A Champagne baker’s dozen for the holidays

Courtesy PhotoBubbly on a budget: Champagne Lancelot-Pienne Grand Cru Blanc de Blancs is a complex

Few things make me happier than drinking Champagne, especially when I have an extraordinary bottle to share with friends. I’ve been doing quite a bit of that over the past couple of weeks and, much to the chagrin of my liver, have tasted quite a few that are memorably delicious and relatively reasonably priced.

Starting with low-dosage Champagnes — when less sugar solution is added before the final corking — one of my all-time favorites is Paul Dethune Extra Brut Grand Cru, NV ($49). Impeccably balanced with almonds, lemon, red apples, brioche, a bracing minerality and a long, almond-pastry finish, it is absolutely sublime. And Ayala Brut Zero, NV ($45) is a mouth-watering, bone-dry Champagne dominated by crisp lemon and green apple.

If you don’t like your Champagne quite so dry, look for Champagne Roger Pouillon Brut Cuvée de Reserve, NV ($45). Minerally with lemon, vanilla, a hint of berry on the palate and an underlying yeastiness, it is, in a word, scrumptious. J. Lassalle Cachet d’Or 1er Cru, NV ($38) is a must try. Rich yet refined, it has vanilla, lemon, a hint of cherries and, the best part, a lingering almond-croissant-like flavor. Besserat de Bellefon Cuvée des Moines, NV ($44) is always reliable. It reminds me of the toasted-almond ice cream pops I used to buy from the Good Humor truck when I was a kid, though it is not nearly as sweet. With a creme-brulee-like finish, it is a good Champagne for those who like richer bubbly.

If blanc de blancs is your thing, remember the name Saint Charmant. Both the Blanc de Blancs Brut, NV ($48) and Blanc de Blancs Brut, 2002 ($68) are stellar examples of Champagne made entirely from chardonnay. Compared to other better-known blanc de blancs Champagnes, both are a steal — especially the 2002. Stylistically, the wines are creamy and crisp, with the vintage having a more pronounced yeast and red apple aroma and the nonvintage having a little more of an almond-tea quality.

Champagne Lancelot-Pienne Grand Cru Blanc de Blancs, NV ($40) is made for those who like mineral-oriented Champagne. Made from chalky soil, it has a flintlike smoky nose and crisp green apple on the palate.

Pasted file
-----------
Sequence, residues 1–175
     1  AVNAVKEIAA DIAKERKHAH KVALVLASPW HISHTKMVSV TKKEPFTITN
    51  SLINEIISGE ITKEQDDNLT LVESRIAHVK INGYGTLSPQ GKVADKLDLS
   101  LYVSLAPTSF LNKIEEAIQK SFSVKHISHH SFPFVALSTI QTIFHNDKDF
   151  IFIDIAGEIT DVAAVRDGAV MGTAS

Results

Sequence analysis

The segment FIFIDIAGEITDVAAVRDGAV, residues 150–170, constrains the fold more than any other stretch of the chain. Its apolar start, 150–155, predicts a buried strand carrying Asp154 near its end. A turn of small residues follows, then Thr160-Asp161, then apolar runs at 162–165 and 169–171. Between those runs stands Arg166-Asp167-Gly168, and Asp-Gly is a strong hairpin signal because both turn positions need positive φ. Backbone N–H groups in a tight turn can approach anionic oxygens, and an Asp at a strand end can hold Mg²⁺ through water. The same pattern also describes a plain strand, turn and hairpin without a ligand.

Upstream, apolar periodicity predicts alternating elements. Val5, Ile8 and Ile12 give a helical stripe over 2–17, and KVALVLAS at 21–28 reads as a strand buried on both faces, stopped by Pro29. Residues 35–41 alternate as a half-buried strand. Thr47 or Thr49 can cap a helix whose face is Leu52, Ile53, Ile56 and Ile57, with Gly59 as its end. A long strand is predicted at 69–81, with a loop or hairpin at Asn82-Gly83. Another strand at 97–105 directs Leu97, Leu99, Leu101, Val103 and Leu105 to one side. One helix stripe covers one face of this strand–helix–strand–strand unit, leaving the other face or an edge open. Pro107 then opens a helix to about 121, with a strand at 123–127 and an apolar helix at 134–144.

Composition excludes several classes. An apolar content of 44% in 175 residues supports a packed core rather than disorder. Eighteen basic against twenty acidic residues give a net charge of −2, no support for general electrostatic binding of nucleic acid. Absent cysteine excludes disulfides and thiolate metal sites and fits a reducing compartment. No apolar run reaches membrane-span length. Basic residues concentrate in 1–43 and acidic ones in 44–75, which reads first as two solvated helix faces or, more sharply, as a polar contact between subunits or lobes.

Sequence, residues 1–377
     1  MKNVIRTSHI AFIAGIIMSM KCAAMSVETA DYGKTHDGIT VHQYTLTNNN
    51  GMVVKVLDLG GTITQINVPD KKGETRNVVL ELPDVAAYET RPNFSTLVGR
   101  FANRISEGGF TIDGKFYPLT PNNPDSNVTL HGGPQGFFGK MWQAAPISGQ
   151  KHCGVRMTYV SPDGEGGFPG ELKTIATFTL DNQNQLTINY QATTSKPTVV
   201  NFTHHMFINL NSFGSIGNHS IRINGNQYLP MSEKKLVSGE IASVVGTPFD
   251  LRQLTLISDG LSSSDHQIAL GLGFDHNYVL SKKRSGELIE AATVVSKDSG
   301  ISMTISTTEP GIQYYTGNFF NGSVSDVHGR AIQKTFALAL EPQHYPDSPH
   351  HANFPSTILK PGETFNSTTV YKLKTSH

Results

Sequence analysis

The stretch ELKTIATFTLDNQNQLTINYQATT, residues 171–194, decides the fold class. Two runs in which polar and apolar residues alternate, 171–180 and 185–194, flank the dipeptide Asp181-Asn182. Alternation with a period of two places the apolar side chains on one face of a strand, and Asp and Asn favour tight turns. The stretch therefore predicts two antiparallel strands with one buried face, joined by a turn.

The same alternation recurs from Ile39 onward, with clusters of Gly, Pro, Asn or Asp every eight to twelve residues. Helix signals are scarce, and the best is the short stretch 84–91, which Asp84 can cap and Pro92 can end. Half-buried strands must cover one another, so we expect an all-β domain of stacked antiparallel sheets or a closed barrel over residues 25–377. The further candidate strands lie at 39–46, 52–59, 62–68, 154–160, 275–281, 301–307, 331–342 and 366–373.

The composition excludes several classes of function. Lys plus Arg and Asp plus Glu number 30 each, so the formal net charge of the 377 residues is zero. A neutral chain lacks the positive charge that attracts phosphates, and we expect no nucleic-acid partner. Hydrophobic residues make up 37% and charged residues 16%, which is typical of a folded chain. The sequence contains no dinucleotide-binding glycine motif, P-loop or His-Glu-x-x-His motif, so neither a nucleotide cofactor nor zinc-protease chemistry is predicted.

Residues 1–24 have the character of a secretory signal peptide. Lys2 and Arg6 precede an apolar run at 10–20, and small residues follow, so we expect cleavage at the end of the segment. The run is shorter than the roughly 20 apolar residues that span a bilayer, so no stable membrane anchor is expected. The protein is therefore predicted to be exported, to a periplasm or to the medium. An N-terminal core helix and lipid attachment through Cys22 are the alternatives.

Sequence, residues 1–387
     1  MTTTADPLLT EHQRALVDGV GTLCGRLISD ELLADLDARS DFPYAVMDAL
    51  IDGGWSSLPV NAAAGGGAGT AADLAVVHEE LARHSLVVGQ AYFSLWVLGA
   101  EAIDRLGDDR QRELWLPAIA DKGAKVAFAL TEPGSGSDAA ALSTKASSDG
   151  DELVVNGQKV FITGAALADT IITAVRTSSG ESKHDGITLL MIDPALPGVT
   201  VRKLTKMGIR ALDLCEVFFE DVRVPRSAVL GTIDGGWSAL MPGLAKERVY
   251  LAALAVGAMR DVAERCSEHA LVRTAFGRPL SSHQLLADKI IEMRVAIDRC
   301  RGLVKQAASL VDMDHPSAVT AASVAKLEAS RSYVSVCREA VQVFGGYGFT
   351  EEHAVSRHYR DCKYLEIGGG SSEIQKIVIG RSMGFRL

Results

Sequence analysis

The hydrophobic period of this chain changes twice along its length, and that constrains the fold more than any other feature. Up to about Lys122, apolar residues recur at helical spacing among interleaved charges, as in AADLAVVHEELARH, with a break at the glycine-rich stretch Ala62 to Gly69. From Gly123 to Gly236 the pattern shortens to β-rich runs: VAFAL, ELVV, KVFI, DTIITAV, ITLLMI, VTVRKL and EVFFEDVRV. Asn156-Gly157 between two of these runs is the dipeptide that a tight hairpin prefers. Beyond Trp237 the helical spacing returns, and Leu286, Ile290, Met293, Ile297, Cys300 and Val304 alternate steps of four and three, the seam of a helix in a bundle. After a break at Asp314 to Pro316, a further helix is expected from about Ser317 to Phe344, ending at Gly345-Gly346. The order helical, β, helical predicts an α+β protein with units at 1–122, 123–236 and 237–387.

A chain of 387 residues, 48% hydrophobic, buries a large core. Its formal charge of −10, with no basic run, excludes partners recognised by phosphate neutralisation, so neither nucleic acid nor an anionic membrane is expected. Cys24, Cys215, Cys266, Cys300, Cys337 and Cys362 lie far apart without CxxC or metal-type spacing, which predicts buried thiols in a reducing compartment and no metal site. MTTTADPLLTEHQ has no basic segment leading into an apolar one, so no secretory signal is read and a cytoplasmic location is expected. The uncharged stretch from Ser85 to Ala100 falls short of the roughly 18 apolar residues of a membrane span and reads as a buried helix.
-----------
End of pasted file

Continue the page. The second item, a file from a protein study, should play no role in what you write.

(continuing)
As for rosé, Champagne CH. & A. Prieure Grand Prieure Brut Rosé, NV ($60), one of my favorite wines in 2011, continues to astonish with its finesse and balance of minerality and strawberry and cherry fruit. Gonet-Medeville Brut Extra Brut Rosé 1er Cru, NV ($60) is always stunning with its subtle bing cherry, lemon, spry mineral tones and understated yeastiness. Champagne Bereche et Fils Brut Rose, NV ($60) stands out with a pungent nose filled with cloves and other spices that are reminiscent of a baked Christmas ham.

As for vintage Champagne, Champagne Paul Bara Brut Grand Cru Millésimé, 2004 ($59) is a great bargain. A conglomerate of fruit, nuts, minerals, vanilla and brioche that begins with the first whiff and continues on the finish, it is a magnificent wine. Honorable mention also goes to Champagne Vilmart Grand Cellier d’Or Brut Champagne, 2007 ($94). Though it is getting up there in price, this full-bodied matrix of a wine blows away other vintage Champagnes that are in the $100 and higher range.

Whatever you drink, be sure to do so safely. I say this every year, but it cannot be repeated enough: A taxi is much cheaper than a DUI. Happy holidays!

Some of these wines can be found through Arlequin Wine Merchant, Brix 26, Kermit Lynch Wine Merchant, K&L Wine Merchants, Ferry Plaza Wine Merchant, Vin Vino Wine and The Wine Club.

Pamela S. Busch is a wine writer and educator who has owned several wine bars in San Francisco, including Hayes and Vine and CAV Wine Bar & Kitchen.

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